MIDS Capstone Project Spring 2024

Got Meals?

Problem & Motivation

"What's for Dinner?" is a pressing question in today's world, contributing to stress, frustration, and food waste. In the United States, food waste is estimated at between 30-40% of the food supply (USDA).

Data Source & Data Science Approach

Our solution harnesses computer vision technology to analyze the contents of users' refrigerators and pantries. By uploading photos of their ingredients, our application leverages an efficient net architecture to identify food items from the image files (JPEG or HEIC) via an API. The identified ingredients are then cross-referenced with a vast database of recipes using Elasticsearch to provide personalized meal suggestions tailored to the user's dietary preferences and restrictions.

The application follows a modular architecture, starting with label training data and image files being inputted into an efficient net architecture running on Minikube and Docker. The labeled images are then displayed on a Streamlit interface. Streamlit returns a list of identified ingredients, which is shared via an API and inputted into Elasticsearch. The search parameters are then used to query the recipe database, and the recommended recipes are returned as a JSON file, which is presented on the Streamlit interface.

Recipe Database

Leveraged the RecipeNLG dataset of 2.2 million recipes and 270,000 ingredients. Lemmatized words to increase match likelihood (e.g., "apples" → “apple”). Focused efforts on an image model identifying the top 100 ingredients, as EDA revealed a long tail of "edge" ingredients.

Image Classification

Used seven food image datasets totaling 31,654 images initially. Addressed class imbalance (e.g., 4,874 apple images vs. 27 fish sauce images). Training size: 13,800 images. Test size: 6,330 images. Validation size: 2,070 images.

Key Data Pipeline Features 

Adapter layer for integrating new datasets into a standardized format. Class unification layer mapping image classes to a standard list. Multi-processing image pipeline preparing raw data for training based on input type (format conversion, denoising, scaling, cropping) at ~30k images/hour on desktop hardware. Sampling layer adjusting for class variances to create training datasets.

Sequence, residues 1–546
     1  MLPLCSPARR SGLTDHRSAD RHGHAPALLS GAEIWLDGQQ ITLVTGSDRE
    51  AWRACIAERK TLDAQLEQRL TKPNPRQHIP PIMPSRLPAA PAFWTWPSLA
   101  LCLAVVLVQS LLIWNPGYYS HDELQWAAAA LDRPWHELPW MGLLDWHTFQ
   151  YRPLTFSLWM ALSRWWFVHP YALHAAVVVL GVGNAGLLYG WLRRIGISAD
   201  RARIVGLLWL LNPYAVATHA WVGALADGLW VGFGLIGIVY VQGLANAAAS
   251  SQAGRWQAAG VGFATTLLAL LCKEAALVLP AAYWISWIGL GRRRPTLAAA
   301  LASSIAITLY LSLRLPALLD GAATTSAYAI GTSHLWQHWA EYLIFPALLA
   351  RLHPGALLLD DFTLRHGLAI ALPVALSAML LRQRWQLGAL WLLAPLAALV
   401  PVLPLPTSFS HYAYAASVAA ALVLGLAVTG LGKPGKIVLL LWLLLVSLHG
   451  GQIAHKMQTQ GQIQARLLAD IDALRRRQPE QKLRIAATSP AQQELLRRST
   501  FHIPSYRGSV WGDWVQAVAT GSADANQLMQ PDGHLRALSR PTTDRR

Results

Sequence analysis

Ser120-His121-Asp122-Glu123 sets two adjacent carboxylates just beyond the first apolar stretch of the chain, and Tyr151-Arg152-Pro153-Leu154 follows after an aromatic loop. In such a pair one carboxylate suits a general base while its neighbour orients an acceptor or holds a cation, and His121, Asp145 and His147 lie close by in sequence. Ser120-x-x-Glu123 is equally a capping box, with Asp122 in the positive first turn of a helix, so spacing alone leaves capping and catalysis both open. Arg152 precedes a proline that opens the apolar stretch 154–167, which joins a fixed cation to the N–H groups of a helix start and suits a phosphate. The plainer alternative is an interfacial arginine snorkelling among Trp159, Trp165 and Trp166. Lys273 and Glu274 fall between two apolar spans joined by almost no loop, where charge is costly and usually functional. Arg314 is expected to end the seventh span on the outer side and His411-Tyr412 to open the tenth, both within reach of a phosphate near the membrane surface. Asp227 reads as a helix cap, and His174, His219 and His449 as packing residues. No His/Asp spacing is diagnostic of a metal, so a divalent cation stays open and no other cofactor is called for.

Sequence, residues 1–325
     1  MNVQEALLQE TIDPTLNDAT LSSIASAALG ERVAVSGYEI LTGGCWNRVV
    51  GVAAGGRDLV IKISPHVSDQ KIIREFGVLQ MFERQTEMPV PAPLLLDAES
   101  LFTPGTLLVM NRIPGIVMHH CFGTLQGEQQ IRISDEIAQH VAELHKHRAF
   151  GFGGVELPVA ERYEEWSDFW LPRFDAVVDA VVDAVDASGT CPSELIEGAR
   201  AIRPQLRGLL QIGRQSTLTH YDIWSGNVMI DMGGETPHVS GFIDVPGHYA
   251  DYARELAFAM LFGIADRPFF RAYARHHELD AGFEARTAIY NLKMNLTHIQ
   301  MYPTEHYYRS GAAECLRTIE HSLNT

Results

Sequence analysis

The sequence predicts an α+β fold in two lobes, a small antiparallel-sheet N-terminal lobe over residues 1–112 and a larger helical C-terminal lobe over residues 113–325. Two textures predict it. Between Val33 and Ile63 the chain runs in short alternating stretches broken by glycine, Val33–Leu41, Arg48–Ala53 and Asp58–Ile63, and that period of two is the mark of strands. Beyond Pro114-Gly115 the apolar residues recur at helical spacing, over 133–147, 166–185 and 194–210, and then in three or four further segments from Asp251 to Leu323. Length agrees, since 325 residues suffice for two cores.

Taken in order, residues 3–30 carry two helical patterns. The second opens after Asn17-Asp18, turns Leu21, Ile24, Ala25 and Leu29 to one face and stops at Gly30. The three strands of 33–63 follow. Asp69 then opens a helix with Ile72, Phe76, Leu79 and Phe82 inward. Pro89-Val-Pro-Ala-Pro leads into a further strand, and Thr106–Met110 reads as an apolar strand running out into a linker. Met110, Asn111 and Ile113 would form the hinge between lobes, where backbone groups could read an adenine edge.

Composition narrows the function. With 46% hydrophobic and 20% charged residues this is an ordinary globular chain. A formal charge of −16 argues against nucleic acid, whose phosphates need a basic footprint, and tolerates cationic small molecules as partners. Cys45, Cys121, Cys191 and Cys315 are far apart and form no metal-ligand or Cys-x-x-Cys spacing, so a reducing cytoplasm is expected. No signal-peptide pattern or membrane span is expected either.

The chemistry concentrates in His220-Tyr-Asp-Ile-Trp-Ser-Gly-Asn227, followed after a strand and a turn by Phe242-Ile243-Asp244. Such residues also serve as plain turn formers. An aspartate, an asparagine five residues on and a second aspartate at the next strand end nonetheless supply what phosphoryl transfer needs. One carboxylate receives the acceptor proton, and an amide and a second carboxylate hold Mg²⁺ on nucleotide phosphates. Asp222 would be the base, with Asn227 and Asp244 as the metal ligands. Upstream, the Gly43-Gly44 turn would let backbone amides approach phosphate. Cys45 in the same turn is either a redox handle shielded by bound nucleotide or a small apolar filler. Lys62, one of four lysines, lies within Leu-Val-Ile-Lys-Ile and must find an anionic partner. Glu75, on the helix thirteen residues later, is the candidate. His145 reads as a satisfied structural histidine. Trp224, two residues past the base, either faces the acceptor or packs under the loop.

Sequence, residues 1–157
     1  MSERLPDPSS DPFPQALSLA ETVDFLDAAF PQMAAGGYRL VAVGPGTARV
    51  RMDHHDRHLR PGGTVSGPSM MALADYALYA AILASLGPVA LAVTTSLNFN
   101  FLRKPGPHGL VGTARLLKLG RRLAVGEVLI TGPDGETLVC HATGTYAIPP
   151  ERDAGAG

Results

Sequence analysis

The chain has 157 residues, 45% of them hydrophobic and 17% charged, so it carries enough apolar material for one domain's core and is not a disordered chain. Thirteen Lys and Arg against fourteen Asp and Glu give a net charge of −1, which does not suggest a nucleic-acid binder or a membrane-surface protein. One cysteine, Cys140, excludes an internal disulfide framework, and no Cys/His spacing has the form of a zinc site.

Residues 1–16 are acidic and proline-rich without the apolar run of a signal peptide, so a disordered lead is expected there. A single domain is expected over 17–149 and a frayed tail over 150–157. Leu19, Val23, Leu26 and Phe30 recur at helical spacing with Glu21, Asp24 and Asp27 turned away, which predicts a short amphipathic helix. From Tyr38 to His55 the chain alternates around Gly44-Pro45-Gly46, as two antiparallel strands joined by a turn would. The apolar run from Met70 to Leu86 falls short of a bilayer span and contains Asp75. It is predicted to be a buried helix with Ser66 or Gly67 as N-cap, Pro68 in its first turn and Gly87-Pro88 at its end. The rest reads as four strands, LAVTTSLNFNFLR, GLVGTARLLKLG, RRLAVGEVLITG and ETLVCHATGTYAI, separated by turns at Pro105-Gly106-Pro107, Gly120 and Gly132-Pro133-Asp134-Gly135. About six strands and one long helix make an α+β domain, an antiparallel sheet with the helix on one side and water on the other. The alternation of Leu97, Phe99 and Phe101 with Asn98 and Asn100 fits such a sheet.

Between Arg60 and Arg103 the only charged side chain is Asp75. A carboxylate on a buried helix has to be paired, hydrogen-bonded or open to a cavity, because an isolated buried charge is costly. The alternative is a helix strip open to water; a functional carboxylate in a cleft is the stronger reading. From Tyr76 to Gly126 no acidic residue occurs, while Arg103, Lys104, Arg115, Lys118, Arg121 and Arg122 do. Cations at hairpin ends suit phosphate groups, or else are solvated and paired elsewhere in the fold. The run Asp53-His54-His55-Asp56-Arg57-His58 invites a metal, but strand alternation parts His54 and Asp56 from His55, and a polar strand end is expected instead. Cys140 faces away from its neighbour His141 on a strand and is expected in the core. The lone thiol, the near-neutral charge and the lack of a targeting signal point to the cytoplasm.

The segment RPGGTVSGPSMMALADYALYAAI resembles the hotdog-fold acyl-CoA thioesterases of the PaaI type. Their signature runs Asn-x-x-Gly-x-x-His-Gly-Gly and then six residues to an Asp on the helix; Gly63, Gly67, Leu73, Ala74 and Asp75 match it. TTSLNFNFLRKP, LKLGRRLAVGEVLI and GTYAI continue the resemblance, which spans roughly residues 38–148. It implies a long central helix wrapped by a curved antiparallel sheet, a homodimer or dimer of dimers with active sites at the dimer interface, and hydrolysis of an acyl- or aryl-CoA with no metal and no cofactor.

• Features: We are using raw pixels as features for our model.
  • Most Influential Factors for Feature Performance:
    • Quality of scaling to our target input image size use skimage Bi-Quintic Scaling
    • Target Image size close to the median image size to reduce scaling effects.Target size (224, 224); Median Size (268, 229)
  • Model Architecture Selection: To gauge constrained environment performance, we traded off core architectures with the same classification layer setup. We selected the EfficientNetV2M core model and evaluated different "top" configurations (dense layers, batch normalization, dropout, activations).
  • Model Performance: 94% accuracy with only 200 images / class 
  • Real-world Assessment: In "lab and wild" testing, the model struggles with lower-quality data and packaged items but performs well on fruits, veggies, and unpackaged items.


  • Search Scenarios: Easy - "chicken," "cheese". Medium - "trout," "lemon," "apple". Hard - "beef," "potatoes," "asparagus," "mushrooms," excluding "tomatoes". Returned top 5 results and calculated average scores.

Key Learnings & Impact

Data Pipeline: Fast, flexible, extensible, efficient. Consumes multiple data formats via standard configs.

Model Training: ImageNet weights and augmentation enabled good accuracy with minimal data per class. Transfer learning and fine-tuning improved performance. Different efficient net head configs captured more generalizable info to boost performance.

ElasticSearch: Lemmatizing increased ingredient match rates. "Boost" feature enabled incorporating user preferences.

Future Improvements

More granular class structures mapping N predictions to one ingredient. Larger "in-the-wild" training datasets. Multi-phase prediction (UPC recognition then ingredient classification). Explore aiding low-income families. Implement front-end image segmentation.


Streamlines meal planning to reduce stress and food waste. Promotes sustainable food practices for environmental benefit.


Our team is extremely grateful for our professors, Joyce and Todd. We would not have gotten this far in our project without their strong support and encouragement.



Got Meals? Demo Video

Got Meals? Demo Video

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Last updated:

April 16, 2024